The 1692-1693 Salem Witch Trials were a brief outburst of witch hysteria in the New World at a time when the practice was already waning in Europe. In February 1692 a girl became ill, and at the same time her playmates also exhibited unusual behavior. When a local doctor was unable to cure the girls, a supernatural cause was suggested and suspicions of witchcraft emerged. Soon three townswomen were accused of witchcraft: Tituba, a slave, Sarah Good, a poor beggar and social misfit, and Sarah Osborne, a quarrelsome woman who rarely attended church. While the matter might have ended there with the three unpopular women serving as scapegoats, during the trial Tituba— possibly to avoid being unfairly prosecuted— declared she was a witch and that she and the other accused women flew through the air on poles. With skeptics silenced, witch hunting began in earnest.
Court of Oyer and Terminer
Before long, accusations of witchcraft abounded and the jails filled with suspects who confessed to witchcraft, seeing it as a means to avoid hanging. The provincial governor created court of “oyer and terminer” which allowed judges to hear “spectral evidence” (testimony by victims that the accused witch’s specter had visited them) and granted ministers with no legal training authority to guide judges. Evidence that would be disallowed today— hearsay, gossip, unsupported assertions— was routinely admitted, while defendants had no right to counsel or appeal. Through the rest of 1692, in a climate of fear, accusations flew, many were convicted, and a number were put to death.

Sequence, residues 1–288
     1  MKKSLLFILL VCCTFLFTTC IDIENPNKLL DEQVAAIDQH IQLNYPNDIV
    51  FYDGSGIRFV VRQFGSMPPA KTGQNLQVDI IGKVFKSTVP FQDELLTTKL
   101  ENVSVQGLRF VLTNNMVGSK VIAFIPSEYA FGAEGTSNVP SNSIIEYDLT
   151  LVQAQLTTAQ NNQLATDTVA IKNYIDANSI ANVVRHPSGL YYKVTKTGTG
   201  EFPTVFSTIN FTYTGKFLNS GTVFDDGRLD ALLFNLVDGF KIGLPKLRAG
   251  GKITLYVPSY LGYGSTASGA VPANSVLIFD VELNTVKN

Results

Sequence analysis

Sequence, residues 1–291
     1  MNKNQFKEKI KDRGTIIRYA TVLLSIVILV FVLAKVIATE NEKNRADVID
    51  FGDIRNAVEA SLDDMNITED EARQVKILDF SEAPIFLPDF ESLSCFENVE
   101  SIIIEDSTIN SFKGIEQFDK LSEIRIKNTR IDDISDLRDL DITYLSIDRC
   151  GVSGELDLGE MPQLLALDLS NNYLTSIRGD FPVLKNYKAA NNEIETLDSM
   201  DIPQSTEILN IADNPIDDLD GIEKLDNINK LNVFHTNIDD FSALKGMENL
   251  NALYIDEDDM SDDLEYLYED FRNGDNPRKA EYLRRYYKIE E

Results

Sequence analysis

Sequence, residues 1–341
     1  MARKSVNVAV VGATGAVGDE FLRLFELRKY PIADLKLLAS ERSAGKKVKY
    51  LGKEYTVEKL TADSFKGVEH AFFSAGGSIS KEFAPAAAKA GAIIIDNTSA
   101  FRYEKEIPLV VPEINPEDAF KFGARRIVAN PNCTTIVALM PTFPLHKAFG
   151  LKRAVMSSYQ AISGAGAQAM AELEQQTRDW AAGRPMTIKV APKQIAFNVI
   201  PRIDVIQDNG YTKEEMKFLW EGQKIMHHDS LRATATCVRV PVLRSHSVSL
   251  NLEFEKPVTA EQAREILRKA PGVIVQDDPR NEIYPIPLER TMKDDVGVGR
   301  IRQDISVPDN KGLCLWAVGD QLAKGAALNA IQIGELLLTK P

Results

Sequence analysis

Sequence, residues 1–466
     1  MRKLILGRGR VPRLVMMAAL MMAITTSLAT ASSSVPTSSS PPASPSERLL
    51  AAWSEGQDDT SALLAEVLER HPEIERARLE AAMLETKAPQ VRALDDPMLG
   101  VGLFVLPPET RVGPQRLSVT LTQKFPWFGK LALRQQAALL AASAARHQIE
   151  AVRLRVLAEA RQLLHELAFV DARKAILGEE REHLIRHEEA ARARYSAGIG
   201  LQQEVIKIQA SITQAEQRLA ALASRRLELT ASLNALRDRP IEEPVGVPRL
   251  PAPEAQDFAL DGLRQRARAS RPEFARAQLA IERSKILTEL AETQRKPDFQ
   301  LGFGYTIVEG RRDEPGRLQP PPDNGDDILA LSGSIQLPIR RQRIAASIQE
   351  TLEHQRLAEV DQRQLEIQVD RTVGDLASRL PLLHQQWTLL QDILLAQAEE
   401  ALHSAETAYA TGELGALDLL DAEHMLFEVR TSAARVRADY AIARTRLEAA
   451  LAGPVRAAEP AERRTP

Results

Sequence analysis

Decline and Closure of Salem Witch Trials
By the fall of 1692 the witch hunting hysteria began to die down as more and more people began to doubt that so many people could be guilty of witchcraft. People urged the courts not to admit spectral evidence and to rely instead on clear and convincing testimony. Once spectral evidence was no longer admissible, acquittals abounded, and the three originally convicted women were pardoned. In May of 1693 the remaining accused and convicted witches were released from prison. Over the course of the Salem witch hysteria, of the 150 people who were arrested and the 26 who were convicted, 14 women and 5 men were executed. The Salem Witch Trials only lasted a little over a year and had very little practical impact on the Colonies at large. However, the trials and executions had a vivid afterlife in the American consciousness, giving rise to a wealth of scholarship and an abundance of cultural artifacts including paintings, novels, plays, and films.
Originally published by University of California Berkeley School of Law, open access, republished with permission for educational, non-commercial purposes.